Is Medical Cannabis the Answer to the Opioid Crisis?

Oct 3rd, 2022 - Medical cannabis may be an important alternative to opioids for pain management, new research suggests. In a large survey, patients with a variety of ailments, including pain and mental health problems, reported less pain and better functioning, after using medical cannabis — and most were able to stop or cut back on their opioid use. "Some patients wish to move away from opioid-based pain medi...

Distensibility Index: A 'Game Changer' in Pediatric Eosinophilic Esophagitis?

Oct 3rd, 2022 - Measuring esophageal distensibility can help define the severity of early scarring in the esophagus of children with eosinophilic esophagitis (EoE), a new study indicates. "Using the distensibility index (DI), a gastroenterologist can provide a quantitative measure of fibrostenotic severity, locate the narrowing, and determine the appropriate balloon size for dilation," Joshua Wechsler, MD, med...

High-Dose Folic Acid During Pregnancy Tied to Cancer Risk in Kids

Oct 3rd, 2022 - Prenatal exposure to high-dose folic acid is associated with a greater than twofold increased risk for cancer in children of mothers with epilepsy, new data from a Scandinavian registry of more than 3 million pregnancies suggests. The increased risk for cancer did not change after considering other factors that could explain the risk, such as use of antiseizure medication (ASM). There was no in...

Physician Bias May Prevent Quality Care for Patients With Disabilities

Oct 3rd, 2022 - Dr Tara Lagu For Tara Lagu, MD, MPH, the realization that the healthcare system was broken for patients with disabilities came when a woman she had been treating seemed to keep ignoring Lagu's request to see a urologist. When Lagu asked the patient's two attentive daughters about the delay, their response surprised her. The women said they couldn't find a urologist who was willing to see a pati...

Are Nasal Sprays the Future for the COVID Vaccine?

Oct 3rd, 2022 - Are nasal sprays the future of COVID-19 vaccines? That’s certainly the hope of many researchers working on new kinds of inoculation. Nasal vaccines were recently approved in China and India for use as a booster dose. The Chinese vaccine is inhaled through the mouth and nose, whereas the Indian vaccine is delivered through nasal drops. These vaccines are just two of more than 100 oral or nasal v...

Optimized HF Meds May Lessen MR Severity, Perhaps Avoiding MV Repair

Oct 3rd, 2022 - Among the benefits of fully optimized medical therapy in heart failure with reduced ejection fraction (HFrEF) may be, indirectly, lessened severity of associated mitral regurgitation (MR) that might render invasive mitral valve (MV) repair unnecessary for some patients. That's one implication, at least, from an analysis of HFrEF patients who showed significantly less moderate-to-severe MR a yea...

Two Thirds of US Adults Not Getting COVID-19 Booster Soon, Survey Shows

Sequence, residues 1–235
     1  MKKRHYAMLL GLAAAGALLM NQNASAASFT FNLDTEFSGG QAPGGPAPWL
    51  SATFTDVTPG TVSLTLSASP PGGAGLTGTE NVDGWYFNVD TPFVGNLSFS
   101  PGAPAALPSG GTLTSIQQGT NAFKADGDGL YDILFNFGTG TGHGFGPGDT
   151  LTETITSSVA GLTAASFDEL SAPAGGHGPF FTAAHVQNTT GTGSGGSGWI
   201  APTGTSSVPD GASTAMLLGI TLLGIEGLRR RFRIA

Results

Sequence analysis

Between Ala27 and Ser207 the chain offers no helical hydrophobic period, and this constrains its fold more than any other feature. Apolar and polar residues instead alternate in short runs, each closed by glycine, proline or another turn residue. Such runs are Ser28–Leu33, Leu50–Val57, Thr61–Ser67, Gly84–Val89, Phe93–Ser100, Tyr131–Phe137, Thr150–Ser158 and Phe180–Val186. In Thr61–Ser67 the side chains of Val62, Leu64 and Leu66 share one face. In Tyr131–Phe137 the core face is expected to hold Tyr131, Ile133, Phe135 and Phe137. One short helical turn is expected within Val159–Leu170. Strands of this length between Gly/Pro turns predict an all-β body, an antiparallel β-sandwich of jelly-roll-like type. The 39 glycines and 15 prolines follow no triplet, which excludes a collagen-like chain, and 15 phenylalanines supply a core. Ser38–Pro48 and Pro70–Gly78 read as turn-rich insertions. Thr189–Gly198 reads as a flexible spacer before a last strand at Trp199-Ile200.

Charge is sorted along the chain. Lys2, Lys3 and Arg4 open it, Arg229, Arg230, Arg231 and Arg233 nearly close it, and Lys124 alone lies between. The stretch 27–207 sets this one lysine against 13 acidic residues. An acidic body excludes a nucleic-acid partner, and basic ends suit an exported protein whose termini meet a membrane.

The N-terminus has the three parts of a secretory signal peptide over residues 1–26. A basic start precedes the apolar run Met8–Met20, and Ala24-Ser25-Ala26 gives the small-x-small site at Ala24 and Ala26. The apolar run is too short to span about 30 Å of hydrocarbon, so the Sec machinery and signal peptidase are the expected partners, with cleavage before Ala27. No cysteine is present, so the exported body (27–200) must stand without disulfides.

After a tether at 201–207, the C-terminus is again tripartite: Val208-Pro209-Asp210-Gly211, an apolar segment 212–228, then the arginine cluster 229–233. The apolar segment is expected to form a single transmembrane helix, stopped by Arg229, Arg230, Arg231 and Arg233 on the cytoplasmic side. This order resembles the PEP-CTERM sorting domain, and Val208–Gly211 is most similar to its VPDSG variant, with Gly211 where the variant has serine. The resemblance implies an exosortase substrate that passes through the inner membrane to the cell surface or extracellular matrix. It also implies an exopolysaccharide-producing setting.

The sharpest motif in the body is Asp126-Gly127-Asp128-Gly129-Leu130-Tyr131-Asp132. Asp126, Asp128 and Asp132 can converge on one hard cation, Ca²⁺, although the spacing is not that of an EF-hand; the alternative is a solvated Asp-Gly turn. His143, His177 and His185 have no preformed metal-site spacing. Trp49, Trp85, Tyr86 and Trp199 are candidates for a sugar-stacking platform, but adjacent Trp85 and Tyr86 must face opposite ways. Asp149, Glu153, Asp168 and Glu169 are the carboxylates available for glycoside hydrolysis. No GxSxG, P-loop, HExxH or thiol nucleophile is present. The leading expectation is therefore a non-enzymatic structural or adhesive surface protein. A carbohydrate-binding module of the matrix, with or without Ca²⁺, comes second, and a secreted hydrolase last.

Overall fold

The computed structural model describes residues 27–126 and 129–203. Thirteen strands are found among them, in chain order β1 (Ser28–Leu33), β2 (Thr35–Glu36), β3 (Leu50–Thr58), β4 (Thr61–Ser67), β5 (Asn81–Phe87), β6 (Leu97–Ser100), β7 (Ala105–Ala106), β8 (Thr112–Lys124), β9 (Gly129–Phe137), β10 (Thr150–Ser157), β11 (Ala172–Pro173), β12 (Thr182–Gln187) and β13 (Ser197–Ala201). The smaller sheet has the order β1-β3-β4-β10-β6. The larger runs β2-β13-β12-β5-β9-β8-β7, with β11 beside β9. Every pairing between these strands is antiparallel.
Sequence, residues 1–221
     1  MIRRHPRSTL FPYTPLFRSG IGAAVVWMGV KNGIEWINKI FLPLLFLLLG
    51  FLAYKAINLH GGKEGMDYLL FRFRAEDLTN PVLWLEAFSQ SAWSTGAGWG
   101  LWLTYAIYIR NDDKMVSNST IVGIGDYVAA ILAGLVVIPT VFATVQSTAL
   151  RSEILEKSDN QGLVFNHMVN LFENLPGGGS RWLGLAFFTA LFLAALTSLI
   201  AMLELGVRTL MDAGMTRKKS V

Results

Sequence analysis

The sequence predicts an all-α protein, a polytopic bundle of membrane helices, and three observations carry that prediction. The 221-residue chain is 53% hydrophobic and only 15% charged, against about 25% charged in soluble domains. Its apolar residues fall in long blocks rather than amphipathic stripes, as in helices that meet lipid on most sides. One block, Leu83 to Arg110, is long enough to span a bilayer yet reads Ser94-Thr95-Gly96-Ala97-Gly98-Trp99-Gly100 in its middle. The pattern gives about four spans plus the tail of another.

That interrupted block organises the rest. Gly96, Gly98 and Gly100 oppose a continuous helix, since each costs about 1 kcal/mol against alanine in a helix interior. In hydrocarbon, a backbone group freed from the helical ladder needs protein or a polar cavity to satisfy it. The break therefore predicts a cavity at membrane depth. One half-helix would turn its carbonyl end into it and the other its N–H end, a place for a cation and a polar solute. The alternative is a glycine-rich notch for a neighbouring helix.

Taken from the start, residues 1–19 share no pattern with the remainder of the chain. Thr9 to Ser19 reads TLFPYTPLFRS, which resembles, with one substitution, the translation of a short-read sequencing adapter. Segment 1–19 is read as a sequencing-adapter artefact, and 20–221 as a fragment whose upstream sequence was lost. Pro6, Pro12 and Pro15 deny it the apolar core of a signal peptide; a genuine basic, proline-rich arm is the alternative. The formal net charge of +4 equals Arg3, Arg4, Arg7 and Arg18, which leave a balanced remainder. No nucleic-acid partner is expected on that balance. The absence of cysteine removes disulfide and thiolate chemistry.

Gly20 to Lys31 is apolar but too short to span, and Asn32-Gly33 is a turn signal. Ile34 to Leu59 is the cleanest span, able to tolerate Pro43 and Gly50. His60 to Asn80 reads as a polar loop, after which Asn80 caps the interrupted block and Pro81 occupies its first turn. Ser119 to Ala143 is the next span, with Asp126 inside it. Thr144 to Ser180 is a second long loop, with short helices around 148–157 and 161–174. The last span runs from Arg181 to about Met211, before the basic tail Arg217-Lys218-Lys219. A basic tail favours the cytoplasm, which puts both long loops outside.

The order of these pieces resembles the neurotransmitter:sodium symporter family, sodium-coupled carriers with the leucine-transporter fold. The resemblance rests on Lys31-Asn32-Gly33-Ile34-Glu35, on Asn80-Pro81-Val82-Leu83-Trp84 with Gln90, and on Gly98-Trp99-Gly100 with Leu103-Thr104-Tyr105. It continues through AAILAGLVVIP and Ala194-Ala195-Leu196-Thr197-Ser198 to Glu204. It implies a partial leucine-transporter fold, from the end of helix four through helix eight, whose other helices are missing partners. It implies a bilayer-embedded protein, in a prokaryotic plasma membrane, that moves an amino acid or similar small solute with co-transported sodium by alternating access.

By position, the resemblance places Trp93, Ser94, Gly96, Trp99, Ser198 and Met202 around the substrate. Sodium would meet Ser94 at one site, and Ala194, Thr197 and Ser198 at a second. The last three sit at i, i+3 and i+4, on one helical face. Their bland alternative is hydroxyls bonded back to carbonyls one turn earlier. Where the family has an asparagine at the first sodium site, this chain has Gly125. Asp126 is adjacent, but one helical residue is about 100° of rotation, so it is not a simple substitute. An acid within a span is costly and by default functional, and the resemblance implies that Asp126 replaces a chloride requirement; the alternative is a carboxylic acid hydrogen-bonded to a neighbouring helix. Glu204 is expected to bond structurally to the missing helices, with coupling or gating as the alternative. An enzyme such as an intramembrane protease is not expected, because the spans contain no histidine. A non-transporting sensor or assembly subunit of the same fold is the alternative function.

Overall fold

Oct 3rd, 2022 - Editor's note: Find the latest COVID-19 news and guidance in Medscape's Coronavirus Resource Center. Americans are not showing great enthusiasm for the new bivalent COVID-19 booster vaccine — if they've even heard about it, a Kaiser Family Foundation survey says. About two-third of respondents say they're not getting the booster vaccine anytime soon, if at all. Twelve percent said they "definit...

Ancient DNA Discoveries Lead to Nobel Prize in Medicine and Help Explain How Humans Evolved

Oct 3rd, 2022 - The Nobel Committee announced today it was awarding Professor Svante Pääbo the Nobel Prize in Physiology or Medicine for 2022 for his "pioneering research" into ancient DNA. It all started with a 40,000-year-old bone. That Neanderthal bone contained enough DNA that Pääbo could start decades of research showing us modern humans, Homo sapiens, are genetically distinct from other now-extinct homin...

The Private Market Is No Place for COVID-19 Countermeasures

Oct 3rd, 2022 - Editor's note: Find the latest COVID-19 news and guidance in Medscape's Coronavirus Resource Center. Throughout the Covid-19 pandemic, the U.S. federal government has supervised the purchasing and distribution of vaccines, tests, and treatments. Many Americans saw for the first time what publicly funded healthcare could do as citizens were able to access prevention and treatment without for-pro...

Brazil Records Two Cases of Invasive Meningococcal X Disease

Oct 3rd, 2022 - In the city of São Paulo, Brazil, two children, one a 7-month-old boy and one a 6-year-old boy, were hospitalized with invasive meningococcal disease (IMD) caused by the rare bacteria Neisseria meningitidis serogroup X (MenX). The unconnected cases occurred in November 2021 and January 2022 and were described in a research letter published in Emerging Infectious Diseases, the journal of the US ...